Wednesday, May 25, 2016


Here are some highlights of the final projects from Spring 2016. A major difference from previous semesters is the employment of mixed mediums. All previous classes used charcoal materials only.
Shiho Nakagawa

Crysta Maguire

Elijah Schwarz

Graham Metcalfe

Gretta Collaso

Joy Montague
Jesus Cornejo

Wednesday, May 18, 2016

TEXTURE: Single Object

Amy Harris

Crysta Maguire

Gretta Collaso

Martin Little
Last Wednesday in preparation for the final project, the class made drawings of individual, textural objects using the drawing medium of their choice. The objective was to create an iconic composition, addressing texture as well as light and form. Amy and Crysta chose ink. Both drawings exhibit a very objective and illustrative description of their chosen forms. The line quality is well accented and the textures are present without being overstated.
Gretta chose charcoal. Both additive and reductive techniques were employed to capture the peaks and valleys of the driftwood. This medium and drawing method are particularly well suited to rendering the fluid nature of the form.
In contrast, Martin chose graphite to draw his piece of driftwood. His drawing has a very different presence than Gretta's. The contrasts in tonality and texture are crisp and clean. Each area is locked into its place and isolated rather than one flowing into the other.

Tuesday, May 10, 2016


Ben Farren

Joy Montague
Last night the class made self portraits. Again the drawings were started by copying a skull projected on the screen. The skull drawing was then reworked with the portrait drawn over the top. Ben's drawing is a stylized illustration complete with reverse quote on his t-shirt. The real beauty of the drawing is the manner in which he has drawn the hair. It appears as a solid mass with overlapping light and dark accents.
Joy's drawing is very well proportioned to the page. The advancing and receding planes are very well defined. In addition, the features address all the key elements discussed in class; curvature of eyes and mouth, darkness of upper lip, etc.

Monday, May 9, 2016

PORTRAITS: Features and the Whole Face

Jim Paschal
 Friday morning began with a series of drawings addressing the individual features of the face. Jim's drawing above has skillfully identified light patterns around the eye. Notice how the eyeball is present behind the lower eyelid. The eyelid arches across the eyeball. In addition, he has clearly illustrated the top portion of the eyelid and the recessed edges of the eyeball.
Linda Fleming
 Linda's drawing of a mouth has illustrated the dark and light patterns beginning with the upper lip (dark), lower lip (light), shadow under lower lip (dark), etc. In addition she has captured the highlight over the upper lip and the dimples in the corners of the mouth.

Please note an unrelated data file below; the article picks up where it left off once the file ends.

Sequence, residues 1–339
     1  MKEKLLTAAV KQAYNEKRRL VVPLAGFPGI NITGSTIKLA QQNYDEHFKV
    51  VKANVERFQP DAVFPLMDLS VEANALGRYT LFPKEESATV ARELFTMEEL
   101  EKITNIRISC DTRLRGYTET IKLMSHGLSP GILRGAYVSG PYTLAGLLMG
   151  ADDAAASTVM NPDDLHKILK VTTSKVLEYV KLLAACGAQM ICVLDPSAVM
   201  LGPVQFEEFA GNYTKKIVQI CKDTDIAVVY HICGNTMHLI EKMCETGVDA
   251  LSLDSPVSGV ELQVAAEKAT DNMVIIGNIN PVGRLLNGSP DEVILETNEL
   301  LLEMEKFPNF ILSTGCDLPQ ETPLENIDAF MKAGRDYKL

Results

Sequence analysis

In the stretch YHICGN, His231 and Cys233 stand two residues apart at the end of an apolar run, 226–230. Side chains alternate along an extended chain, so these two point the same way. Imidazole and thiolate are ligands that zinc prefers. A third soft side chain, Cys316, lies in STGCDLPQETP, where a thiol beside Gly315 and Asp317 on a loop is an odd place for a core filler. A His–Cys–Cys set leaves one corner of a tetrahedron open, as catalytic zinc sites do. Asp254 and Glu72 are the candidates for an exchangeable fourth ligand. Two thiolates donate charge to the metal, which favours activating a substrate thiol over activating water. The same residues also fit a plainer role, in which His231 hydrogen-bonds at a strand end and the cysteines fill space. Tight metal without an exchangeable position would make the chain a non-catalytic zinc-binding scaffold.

Devon Ste. Marie-Rubin
 Devon's drawing of a nose illustrates the top, side and bottom planes. Notice how the ball of the nose is shaded similarly to the way values are applied to a sphere. Furthermore, this is a great study for the mouth as well. The curvature and projection of the mouth is particularly well rendered.
Apollonio Fontanilla
 In the afternoon, the class made full portrait studies of each other. Apo's drawing of Linda is very muted in tone yet is expressively powerful. This drawing is surprisingly textural.
Devon Ste. Marie-Rubin
Devon has drawn a very striking image of Lyric with a strong gaze and exaggerated volumes. The features and structure of the head are bold and strong. The mark-making is rich and varied with smeared, textured and reductive applications.

Thursday, May 5, 2016


Crysta Maguire

Jorge Tuluxan

Joy Montague
Last night the class drew portraits from each other. The previous evening students made drawings of a skull. The skull drawing was reworked last night with the portrait drawn over the top. The benefit of the skull is to provide a loose structure as well as to get the paper a little dirty. Each of the drawings above address the underlying structure of the face. In addition, they illustrate the dark and light pattern within the eyes, under the nose, lower lip and chin. Without this rhythm portraits may appear too flat.

Tuesday, May 3, 2016


Joy Montague

Elijah Schwarz

Andrameda Martinez
Last night the class began Portrait studies. Before drawing the whole face the class made a series of studies addressing the individual features. When drawing eyes it is important to remember that you are drawing a spherical form. The eyelids should have a top and frontal plane. In addition, they should arc across the eyeball. Shadows should be placed in the corners of the eye as well as below the upper eyelid.
Noses should also exhibit top, side and possibly bottom planes. The ball of the nose should overlap the nostrils and should not only be shaded on the lower half but should project a cast shadow as well.
And lastly, the mouth should be drawn with a subtle arc across the dental sphere. The upper lip is generally darker than the lower lip. In addition, the mouth will have more volume if the lower lip is rendered with tone and limited line rather than totally outlining the shape.